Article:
Five Dials is a new literary magazine from Hamish Hamilton. Could this be the way that literary magazines regain an audience?
By Guardian blogger Guy Dammann, June 24, 2008 2:30 PM
The direction of my long-held envy of Sun readers is fastened principally on the facility with which their newspaper of choice can be rolled and slipped into the back pocket. In a town close to where I grew up, rolled Suns and Mirrors were worn as badges of honour, emblems of a long forgotten war between traditional and Thatcherite working class values. Although I have never actually bought the Sun, the periodical to which I have most recently subscribed rolls up very nicely indeed, though there its similarity with the Currant Bun ends.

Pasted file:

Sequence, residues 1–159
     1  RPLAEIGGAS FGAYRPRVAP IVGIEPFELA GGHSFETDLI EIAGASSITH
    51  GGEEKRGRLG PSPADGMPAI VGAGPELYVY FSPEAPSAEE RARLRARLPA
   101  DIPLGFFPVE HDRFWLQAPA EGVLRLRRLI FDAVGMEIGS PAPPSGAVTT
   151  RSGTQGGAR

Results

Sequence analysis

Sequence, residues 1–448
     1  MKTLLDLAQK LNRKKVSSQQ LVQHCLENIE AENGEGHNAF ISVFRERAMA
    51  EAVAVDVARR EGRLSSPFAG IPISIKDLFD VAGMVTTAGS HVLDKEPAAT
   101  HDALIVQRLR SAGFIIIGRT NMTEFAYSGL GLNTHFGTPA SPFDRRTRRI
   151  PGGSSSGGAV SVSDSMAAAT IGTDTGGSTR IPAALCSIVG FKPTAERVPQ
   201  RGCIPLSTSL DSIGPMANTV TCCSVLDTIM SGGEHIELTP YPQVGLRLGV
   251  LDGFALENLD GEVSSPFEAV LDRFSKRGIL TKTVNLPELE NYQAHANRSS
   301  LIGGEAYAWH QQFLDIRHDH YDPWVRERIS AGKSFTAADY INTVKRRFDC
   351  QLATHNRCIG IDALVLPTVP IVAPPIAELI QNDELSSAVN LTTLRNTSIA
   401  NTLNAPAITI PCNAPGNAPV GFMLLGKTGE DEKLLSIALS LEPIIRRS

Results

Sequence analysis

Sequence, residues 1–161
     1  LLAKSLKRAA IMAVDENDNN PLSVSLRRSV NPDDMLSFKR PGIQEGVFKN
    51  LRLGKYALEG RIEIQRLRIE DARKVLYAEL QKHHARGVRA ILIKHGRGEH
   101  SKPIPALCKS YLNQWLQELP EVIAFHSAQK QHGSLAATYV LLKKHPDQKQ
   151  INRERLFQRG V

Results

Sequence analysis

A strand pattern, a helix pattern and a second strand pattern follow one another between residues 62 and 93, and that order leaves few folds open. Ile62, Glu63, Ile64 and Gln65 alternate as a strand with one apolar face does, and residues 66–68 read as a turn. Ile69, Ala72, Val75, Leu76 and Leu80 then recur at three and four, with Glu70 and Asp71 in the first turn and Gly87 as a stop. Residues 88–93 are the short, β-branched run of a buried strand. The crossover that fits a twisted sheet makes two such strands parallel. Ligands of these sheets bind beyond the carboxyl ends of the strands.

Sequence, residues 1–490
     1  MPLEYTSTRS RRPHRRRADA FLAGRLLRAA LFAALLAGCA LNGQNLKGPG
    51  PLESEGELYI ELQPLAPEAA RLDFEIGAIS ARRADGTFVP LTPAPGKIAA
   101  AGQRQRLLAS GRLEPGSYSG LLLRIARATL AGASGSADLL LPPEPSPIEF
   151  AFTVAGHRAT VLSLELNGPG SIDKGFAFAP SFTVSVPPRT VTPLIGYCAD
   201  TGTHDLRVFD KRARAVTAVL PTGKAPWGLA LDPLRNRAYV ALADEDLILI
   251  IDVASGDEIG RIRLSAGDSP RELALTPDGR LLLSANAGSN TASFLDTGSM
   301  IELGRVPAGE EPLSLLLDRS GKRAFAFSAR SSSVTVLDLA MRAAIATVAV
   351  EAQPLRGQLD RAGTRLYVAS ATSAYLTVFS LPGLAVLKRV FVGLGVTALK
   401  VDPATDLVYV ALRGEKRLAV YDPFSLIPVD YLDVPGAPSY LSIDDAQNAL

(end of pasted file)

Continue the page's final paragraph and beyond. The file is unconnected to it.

Five Dials is in fact an internet-distributed literary magazine, published semi-officially from the editorial office of Hamish Hamilton. Distributed as a black and white, 18-page pdf document, freely available to download and also circulated among a fast-growing network (1,000, already, in advance of the e-zine's launch this weekend), you can read it on your computer screen or print it out, roll it up and - thanks to Hamish Hamilton's rather pleasing logo (which is, by the way, the sole graphical evidence of corporate involvement in the project) - wear it with pride on your way to the coffee shop.
Read Guy Dammann's full piece here.